Abkhaz Leader Resigns, No Plans To Run For New Term

Raul Khajimba, leader of the self-proclaimed breakaway Georgian republic of Abkhazia, who resigned following four days of protests in the regional capital, Sukhumi, does not plan to take part in a new election.

Separatist Vice President Aslan Bartsits told lawmakers, who accepted the resignation on January 13, that Khajimba "will continue to take part in political life" but "is not going to run in the election."

Afterward, the breakaway region's parliament named de facto Prime Minister Valery Bganba as acting president and announced that the current staff of the separatist cabinet will continue until a new president is elected.

Bganba issued a statement addressing the residents of the breakaway region, saying that he will do "everything to establish internal stability in order to secure the decent organization and execution of presidential elections in accordance with the terms defined by the constitution."

The leader of the Bloc of the Opposition Forces, lawmaker Aslan Bzhania, said on January 13, that he plans to put himself forward as a presidential candidate in the election.

A day earlier, former Abkhaz Prime Minister Sergei Shamba read Khajimba's resignation statement to protesters near the presidential residence.

Parliamentary speaker Valery Kvarchia confirmed the resignation, telling Russia's TASS news agency that "the issue of who will act [as president] has not yet been decided."

"It may be the prime minister," he added, referring to Prime Minister Valery Bganba.

Kvarchia added the region's de facto legislature would take up the issue in a session later on January 13.

The announcement came just hours after Russian President Vladimir Putin's aide, Vladislav Surkov, arrived in Sukhumi, joining a Russian delegation headed by Russian Deputy Security Council Chairman Rashid Nurgaliyev.

The crisis in the breakaway Georgian region erupted on January 9 when demonstrators stormed the Sukhumi building housing Khajimba's administration, asserting the September election that he won was fraudulent.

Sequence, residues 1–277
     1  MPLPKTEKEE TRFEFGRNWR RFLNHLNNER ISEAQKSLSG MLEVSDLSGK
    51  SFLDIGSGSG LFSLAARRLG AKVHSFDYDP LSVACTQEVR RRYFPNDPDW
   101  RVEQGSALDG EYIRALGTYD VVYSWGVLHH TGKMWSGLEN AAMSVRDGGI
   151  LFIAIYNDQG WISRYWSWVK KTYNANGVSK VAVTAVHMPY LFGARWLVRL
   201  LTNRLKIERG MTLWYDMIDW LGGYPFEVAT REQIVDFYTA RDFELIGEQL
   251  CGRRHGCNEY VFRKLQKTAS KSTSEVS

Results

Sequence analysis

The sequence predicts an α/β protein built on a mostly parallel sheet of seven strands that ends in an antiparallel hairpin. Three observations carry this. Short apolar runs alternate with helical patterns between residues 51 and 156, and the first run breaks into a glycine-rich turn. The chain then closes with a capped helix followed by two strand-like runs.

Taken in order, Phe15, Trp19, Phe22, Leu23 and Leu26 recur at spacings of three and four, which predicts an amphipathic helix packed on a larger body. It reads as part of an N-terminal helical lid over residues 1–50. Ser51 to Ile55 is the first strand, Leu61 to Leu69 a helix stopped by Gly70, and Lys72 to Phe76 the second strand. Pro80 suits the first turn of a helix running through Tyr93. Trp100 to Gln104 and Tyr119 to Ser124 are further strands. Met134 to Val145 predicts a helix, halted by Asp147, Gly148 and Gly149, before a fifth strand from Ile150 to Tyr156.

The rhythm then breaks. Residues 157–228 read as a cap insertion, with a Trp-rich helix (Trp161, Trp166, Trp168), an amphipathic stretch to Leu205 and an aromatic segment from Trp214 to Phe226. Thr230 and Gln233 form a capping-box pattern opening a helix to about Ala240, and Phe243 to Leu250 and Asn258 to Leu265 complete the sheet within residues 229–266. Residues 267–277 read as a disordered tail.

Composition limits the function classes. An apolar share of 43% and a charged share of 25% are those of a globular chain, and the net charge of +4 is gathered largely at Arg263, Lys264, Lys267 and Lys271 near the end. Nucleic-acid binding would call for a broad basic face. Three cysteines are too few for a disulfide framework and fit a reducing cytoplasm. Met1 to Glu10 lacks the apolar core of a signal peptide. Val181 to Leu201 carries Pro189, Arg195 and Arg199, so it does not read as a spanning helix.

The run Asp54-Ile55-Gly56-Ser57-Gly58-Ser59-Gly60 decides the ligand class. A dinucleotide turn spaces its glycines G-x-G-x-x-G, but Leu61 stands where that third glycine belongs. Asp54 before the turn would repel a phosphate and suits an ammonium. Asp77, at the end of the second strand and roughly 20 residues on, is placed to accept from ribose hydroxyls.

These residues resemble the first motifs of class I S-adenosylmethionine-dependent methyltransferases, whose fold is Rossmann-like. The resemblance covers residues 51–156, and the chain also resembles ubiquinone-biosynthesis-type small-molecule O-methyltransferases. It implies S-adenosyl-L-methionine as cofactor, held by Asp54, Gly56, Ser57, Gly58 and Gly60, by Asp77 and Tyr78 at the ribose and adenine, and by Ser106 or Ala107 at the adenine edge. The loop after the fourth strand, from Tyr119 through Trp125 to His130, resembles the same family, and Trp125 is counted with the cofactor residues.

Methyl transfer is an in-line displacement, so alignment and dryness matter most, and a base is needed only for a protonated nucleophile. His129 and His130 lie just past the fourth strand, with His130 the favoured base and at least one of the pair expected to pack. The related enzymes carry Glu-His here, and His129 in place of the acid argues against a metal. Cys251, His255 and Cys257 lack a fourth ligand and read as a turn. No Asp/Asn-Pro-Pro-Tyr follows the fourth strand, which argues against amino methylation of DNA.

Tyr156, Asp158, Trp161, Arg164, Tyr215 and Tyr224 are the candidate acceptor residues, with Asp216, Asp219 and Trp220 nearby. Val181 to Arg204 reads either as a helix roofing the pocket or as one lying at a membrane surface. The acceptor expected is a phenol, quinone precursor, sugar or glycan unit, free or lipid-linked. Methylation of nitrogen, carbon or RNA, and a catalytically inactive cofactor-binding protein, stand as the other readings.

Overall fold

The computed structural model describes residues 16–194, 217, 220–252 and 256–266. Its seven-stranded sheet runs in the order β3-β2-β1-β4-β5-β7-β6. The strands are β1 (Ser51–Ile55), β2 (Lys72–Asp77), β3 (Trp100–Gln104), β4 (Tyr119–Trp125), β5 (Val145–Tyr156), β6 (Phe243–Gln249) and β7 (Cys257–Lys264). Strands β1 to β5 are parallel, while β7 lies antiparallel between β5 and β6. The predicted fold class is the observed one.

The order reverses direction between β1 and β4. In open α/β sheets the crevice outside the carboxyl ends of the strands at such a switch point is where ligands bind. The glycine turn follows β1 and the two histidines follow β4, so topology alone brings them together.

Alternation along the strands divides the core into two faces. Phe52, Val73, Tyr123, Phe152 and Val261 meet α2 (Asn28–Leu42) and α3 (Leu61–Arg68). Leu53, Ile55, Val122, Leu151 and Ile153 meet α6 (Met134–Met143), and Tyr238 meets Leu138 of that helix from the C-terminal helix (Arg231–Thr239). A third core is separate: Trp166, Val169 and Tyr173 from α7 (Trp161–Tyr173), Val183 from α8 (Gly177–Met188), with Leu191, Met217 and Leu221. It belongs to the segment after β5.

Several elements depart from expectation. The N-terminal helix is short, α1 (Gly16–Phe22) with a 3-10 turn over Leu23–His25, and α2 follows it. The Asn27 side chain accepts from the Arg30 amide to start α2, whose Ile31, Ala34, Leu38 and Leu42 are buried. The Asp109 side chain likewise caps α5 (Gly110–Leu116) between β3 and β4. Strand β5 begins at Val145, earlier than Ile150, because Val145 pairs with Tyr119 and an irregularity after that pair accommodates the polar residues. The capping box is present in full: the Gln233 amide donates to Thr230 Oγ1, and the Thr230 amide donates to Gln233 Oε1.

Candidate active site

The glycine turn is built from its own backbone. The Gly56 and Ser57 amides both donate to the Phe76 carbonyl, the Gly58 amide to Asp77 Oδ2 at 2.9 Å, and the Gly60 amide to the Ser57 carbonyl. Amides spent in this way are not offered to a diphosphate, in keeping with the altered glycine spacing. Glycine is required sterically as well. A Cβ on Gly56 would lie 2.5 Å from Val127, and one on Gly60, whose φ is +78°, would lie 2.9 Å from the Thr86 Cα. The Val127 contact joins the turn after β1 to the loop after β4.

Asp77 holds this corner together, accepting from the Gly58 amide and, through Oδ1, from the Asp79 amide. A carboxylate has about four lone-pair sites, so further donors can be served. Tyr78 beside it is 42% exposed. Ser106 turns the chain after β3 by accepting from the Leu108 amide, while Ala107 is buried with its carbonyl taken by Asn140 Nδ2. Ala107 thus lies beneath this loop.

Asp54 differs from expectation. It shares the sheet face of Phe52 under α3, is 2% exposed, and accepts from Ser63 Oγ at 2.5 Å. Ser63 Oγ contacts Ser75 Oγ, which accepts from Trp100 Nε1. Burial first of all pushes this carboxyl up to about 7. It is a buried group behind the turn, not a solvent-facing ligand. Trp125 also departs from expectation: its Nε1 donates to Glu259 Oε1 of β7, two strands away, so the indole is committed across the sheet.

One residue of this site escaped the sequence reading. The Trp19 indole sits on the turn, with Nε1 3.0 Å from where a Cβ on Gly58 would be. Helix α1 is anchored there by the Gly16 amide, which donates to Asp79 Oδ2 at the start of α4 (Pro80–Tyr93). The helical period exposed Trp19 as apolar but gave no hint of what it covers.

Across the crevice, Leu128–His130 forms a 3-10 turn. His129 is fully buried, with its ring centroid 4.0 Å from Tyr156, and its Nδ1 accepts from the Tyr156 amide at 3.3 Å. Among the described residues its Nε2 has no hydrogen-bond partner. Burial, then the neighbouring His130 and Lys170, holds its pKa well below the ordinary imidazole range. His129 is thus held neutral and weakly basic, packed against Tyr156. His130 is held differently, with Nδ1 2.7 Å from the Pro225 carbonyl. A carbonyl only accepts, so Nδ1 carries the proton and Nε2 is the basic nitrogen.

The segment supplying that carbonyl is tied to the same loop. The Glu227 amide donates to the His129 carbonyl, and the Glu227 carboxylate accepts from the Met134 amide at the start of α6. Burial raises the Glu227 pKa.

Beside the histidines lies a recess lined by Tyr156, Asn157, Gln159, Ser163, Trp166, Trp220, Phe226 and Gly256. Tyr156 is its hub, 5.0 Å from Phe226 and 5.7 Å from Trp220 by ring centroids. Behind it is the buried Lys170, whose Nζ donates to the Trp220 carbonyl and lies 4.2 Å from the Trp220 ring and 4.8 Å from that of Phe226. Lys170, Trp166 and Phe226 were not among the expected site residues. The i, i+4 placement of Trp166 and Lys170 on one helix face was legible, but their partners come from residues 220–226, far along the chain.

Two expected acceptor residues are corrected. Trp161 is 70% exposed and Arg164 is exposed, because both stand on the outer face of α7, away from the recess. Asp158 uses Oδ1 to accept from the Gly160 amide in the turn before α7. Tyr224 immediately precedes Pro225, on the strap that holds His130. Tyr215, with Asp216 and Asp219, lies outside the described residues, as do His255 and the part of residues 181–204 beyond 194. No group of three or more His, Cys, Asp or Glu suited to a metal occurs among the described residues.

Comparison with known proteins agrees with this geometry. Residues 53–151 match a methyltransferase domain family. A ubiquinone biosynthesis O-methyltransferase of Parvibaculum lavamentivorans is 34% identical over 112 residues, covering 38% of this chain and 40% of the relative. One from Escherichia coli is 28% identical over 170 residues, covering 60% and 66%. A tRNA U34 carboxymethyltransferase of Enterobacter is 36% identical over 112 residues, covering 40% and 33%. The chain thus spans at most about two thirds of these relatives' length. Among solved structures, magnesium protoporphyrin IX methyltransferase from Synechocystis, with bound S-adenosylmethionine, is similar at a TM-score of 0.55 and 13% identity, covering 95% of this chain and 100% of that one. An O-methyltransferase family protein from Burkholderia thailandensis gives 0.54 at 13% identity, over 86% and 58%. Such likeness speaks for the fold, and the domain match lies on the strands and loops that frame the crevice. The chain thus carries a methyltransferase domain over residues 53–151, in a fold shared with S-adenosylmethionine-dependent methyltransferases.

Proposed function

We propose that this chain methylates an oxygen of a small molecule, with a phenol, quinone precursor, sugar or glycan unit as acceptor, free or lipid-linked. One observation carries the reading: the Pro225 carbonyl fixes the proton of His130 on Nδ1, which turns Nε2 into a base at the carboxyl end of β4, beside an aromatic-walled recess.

The legislature later called on Khajimba to step down.

The Abkhaz Supreme Court on January 10 reversed an earlier decision and declared the September results void, following a petition by opposition leader Alkhas Kvitsinia.

Khajimba and his supporters had resisted calls for his resignation and planned to launch legal appeals before his January 12 about-face.

The head of the region's self-proclaimed Central Election Commission, Tamaz Gogia, said on January 12 that he did not agree with the Supreme Court ruling, but that he would abide by it. The commission set March 22 as the date for a new election.

The Black Sea region has had de facto independence from Georgia since a war against Tbilisi in 1992-93. After Russia and Georgia fought a five-day war in August 2008, Moscow unilaterally recognized Abkhazia and another breakaway Georgian region, South Ossetia, as independent states.

Both regions have since been largely propped up by Moscow and host Russian military forces.

Georgia and most of the international community consider both regions to be occupied territories.

With reporting by TASS, Sputnik, Interfax, and Kavkazsky Uzel